Both Gramene and Reactome are public online resources. Gramene's purpose is to provide added value to mountains of collected data on plant genomes. It has led the way in developing tools that have enabled plant scientists around the world to compare information among plants. This is particularly important because of a finding made when the very first plant genomes were decoded over a decade ago: there are striking resemblances across species. In fact, there is broad conservation in the grasses (rice, maize, sorghum, barley, oats, wheat and rye) even in the order of genes across the chromosomes.

These correspondences, where they exist, provide valuable clues about gene function across species – something that gives a boost to plant scientists and breeders in their efforts, for instance, to boost crop yields or extend a plant's range. Gramene also hosts the genomes of broad-leaf crops such as soybean, tomato, poplar and grapevine, as well as Arabidopsis, a widely studied non-crop plant that serves as a laboratory model for crops. In recent years Gramene has also incorporated "lower" plant genomes such as moss and algae, which lend insight into early events in plant evolution and adaptation.

Developers of Gramene and Reactome, prominently including Lincoln Stein, Ph.D., a leader in bioinformatics at the Ontario Institute for Cancer Research and CSHL, have been at the task of data curation and integration since the sequencing of the first plant and animal genomes.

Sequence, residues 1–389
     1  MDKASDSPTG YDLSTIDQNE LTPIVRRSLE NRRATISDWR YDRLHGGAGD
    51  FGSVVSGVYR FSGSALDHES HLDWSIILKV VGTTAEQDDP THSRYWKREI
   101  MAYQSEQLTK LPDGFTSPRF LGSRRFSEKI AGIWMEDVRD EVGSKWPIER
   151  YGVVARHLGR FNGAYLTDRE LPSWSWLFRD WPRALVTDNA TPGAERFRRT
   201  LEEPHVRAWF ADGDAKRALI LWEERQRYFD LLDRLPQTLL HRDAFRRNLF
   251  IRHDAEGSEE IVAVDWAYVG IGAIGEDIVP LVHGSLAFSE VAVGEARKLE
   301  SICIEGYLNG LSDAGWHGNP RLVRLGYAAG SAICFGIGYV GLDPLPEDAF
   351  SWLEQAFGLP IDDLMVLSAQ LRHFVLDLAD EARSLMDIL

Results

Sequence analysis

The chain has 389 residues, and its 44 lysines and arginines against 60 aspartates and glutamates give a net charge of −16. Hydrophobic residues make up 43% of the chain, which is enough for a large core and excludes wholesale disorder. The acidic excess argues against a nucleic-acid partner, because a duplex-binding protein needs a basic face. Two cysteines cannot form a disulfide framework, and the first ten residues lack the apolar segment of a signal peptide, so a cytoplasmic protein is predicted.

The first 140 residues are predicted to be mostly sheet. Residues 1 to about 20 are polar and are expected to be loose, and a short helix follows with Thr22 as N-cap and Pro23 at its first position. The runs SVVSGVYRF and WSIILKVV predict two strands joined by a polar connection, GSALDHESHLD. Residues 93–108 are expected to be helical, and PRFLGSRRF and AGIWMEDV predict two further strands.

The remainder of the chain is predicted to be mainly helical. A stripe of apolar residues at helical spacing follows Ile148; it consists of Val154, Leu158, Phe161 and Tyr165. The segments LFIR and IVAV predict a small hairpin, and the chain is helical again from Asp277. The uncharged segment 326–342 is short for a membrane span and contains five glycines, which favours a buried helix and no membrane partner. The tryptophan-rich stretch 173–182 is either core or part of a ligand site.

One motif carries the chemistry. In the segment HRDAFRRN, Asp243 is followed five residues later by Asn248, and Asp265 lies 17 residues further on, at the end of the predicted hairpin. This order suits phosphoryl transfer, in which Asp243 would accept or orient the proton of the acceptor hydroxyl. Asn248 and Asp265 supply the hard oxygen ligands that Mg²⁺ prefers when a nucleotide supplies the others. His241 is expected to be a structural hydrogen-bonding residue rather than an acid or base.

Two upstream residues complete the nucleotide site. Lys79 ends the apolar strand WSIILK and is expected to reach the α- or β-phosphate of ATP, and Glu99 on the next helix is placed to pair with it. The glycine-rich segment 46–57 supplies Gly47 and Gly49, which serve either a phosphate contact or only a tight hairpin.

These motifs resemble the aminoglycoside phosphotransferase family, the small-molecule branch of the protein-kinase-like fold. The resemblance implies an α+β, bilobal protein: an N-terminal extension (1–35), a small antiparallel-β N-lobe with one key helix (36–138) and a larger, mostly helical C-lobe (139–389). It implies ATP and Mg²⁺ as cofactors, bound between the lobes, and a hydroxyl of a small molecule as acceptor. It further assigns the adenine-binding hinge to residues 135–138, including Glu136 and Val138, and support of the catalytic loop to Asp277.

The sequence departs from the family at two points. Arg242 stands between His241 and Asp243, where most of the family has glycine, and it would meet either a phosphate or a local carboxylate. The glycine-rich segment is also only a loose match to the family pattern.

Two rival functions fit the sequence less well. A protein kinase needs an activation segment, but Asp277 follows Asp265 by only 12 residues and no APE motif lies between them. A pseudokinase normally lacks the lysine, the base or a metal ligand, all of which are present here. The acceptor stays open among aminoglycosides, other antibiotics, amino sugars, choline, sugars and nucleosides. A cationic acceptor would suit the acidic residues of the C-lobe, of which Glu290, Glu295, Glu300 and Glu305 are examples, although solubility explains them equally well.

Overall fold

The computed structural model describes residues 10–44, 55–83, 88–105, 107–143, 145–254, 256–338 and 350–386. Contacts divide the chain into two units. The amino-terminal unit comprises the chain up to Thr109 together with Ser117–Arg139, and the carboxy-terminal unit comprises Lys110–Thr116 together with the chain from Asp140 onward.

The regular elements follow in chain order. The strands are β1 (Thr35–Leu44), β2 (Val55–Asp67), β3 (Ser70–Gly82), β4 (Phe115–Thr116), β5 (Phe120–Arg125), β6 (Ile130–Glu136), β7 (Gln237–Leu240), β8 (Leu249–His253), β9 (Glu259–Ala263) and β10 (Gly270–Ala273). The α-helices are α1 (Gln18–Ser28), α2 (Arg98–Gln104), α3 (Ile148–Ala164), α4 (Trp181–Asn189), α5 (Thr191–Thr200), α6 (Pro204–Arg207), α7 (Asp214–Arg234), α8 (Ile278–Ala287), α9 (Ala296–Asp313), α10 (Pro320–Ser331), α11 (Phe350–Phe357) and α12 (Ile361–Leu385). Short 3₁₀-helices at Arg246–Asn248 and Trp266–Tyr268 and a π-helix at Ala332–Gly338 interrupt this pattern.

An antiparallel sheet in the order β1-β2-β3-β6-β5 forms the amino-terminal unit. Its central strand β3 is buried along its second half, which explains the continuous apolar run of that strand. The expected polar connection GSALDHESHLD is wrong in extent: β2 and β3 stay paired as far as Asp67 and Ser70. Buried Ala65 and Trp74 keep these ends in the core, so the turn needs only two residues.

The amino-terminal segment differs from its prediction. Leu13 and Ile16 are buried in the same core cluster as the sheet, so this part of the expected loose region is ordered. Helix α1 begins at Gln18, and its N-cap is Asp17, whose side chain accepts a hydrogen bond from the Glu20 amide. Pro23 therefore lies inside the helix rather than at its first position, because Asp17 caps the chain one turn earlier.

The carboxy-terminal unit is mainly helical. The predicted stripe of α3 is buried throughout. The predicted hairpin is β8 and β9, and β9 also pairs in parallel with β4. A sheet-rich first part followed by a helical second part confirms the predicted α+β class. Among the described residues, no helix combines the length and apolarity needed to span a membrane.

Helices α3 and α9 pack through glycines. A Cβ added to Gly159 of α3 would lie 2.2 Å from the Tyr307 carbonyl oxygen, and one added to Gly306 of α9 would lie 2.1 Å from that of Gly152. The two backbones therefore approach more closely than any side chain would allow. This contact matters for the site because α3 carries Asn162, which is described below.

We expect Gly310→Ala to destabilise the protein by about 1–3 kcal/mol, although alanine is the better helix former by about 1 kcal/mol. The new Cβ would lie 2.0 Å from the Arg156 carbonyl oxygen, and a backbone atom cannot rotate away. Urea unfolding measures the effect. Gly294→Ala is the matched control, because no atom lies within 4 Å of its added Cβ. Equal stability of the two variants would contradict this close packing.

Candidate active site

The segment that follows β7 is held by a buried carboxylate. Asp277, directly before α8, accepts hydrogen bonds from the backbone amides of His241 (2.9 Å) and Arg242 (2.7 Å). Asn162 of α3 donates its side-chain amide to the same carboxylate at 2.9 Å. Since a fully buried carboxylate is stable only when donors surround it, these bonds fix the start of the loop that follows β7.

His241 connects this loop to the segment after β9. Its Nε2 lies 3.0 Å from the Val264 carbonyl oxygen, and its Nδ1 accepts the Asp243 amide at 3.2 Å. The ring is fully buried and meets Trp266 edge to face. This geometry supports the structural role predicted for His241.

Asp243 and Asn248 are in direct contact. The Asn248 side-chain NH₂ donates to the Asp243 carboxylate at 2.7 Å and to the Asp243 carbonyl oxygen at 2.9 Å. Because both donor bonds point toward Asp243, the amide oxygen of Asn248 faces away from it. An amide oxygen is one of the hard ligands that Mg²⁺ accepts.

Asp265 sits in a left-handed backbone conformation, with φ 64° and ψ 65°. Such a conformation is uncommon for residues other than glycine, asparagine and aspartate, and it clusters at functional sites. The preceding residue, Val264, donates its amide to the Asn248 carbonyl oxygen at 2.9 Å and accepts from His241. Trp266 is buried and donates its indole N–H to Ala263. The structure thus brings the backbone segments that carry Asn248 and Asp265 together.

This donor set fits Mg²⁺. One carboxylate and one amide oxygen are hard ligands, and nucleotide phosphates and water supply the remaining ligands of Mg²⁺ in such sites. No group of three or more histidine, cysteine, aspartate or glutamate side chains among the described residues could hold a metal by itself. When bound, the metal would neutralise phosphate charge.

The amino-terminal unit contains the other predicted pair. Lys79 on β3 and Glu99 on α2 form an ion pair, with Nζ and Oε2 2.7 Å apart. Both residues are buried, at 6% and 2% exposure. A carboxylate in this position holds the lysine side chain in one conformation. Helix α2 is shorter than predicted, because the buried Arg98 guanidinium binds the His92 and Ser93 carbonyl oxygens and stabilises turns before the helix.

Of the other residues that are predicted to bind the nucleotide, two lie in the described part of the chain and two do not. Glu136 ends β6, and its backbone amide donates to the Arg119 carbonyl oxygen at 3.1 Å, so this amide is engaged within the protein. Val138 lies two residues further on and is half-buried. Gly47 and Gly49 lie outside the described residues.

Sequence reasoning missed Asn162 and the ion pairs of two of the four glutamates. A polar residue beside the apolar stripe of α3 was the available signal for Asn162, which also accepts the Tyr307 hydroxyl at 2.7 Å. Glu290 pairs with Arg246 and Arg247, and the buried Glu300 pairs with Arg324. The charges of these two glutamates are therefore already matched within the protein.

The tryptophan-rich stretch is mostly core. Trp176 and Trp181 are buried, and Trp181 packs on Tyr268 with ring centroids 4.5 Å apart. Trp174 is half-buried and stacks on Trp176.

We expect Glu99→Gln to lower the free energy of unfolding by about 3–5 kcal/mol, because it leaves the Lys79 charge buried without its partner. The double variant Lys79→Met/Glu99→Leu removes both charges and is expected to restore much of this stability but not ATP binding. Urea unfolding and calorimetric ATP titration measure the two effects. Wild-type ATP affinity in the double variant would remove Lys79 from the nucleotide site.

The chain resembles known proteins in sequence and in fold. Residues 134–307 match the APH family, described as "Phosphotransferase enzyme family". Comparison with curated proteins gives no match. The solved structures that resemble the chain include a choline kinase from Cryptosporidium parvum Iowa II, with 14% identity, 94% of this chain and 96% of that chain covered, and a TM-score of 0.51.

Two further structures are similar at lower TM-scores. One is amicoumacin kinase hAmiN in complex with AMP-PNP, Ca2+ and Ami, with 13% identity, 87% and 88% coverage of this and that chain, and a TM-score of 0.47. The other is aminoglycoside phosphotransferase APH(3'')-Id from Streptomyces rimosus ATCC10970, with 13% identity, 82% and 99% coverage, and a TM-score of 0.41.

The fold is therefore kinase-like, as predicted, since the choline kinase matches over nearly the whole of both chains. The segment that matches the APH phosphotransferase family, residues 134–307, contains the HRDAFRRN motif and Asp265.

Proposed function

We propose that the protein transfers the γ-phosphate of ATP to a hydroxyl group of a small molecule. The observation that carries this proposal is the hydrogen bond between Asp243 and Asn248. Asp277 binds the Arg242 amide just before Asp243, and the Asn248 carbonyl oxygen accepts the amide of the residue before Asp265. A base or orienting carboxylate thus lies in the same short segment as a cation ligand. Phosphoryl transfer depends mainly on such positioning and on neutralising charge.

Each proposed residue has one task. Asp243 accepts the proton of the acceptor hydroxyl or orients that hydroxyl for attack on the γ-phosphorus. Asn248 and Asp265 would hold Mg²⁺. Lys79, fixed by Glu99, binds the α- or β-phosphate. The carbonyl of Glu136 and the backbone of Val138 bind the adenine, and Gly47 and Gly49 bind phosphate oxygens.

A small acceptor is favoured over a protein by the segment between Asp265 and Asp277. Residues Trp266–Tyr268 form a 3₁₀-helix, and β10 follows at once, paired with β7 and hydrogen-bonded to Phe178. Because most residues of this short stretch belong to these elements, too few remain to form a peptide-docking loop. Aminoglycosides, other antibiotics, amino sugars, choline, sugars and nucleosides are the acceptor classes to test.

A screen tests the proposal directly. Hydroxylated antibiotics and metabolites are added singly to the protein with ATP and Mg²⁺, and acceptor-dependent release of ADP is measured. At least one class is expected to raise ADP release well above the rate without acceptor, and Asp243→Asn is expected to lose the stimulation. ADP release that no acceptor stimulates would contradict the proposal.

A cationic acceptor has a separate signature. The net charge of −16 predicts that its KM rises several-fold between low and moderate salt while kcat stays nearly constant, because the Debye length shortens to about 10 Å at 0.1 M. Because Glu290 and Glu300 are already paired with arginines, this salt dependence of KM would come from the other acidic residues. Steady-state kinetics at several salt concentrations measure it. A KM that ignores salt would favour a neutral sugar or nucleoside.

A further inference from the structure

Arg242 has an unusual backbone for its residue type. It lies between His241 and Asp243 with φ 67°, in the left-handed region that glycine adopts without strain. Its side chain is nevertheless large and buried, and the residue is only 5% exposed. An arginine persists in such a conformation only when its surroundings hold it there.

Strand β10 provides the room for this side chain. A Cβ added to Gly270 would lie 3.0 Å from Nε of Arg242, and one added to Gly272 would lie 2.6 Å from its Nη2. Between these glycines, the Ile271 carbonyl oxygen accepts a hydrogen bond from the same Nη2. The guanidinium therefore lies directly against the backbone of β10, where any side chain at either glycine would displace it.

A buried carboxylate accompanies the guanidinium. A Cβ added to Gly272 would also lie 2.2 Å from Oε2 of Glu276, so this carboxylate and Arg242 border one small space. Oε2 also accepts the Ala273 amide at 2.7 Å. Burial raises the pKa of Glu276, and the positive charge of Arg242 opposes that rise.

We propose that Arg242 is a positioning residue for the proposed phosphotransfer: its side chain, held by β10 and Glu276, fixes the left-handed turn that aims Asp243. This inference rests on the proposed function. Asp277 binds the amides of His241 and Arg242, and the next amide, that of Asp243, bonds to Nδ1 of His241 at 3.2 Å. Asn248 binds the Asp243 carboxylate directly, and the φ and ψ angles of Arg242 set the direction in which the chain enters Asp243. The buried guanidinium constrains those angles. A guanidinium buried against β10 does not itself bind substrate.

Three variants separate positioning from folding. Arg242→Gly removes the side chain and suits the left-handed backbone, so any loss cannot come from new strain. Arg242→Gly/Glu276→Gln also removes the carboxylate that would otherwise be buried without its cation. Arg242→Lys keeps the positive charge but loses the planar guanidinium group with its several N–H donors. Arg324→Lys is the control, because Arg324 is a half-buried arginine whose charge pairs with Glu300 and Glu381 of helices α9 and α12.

"Many of the information resources are still underutilized because of the fragmentation of datasets and perhaps even more because of the scarcity of tools to make meaningful connections among them," says Dr. Stein, a past Gramene principal investigator who remains a senior investigator on the project.

Reactome, developed by Dr. Stein and colleagues and supported by the NIH, Ontario Research Fund, and EBI Industry Programme, is a curated database of pathways and reactions, accessible through visualization and analysis tools. It enables scientists to perform pathways-based analyses on various species, including plant species. In the current iteration of the project, the aim is to generate a dedicated Plant Reactome site.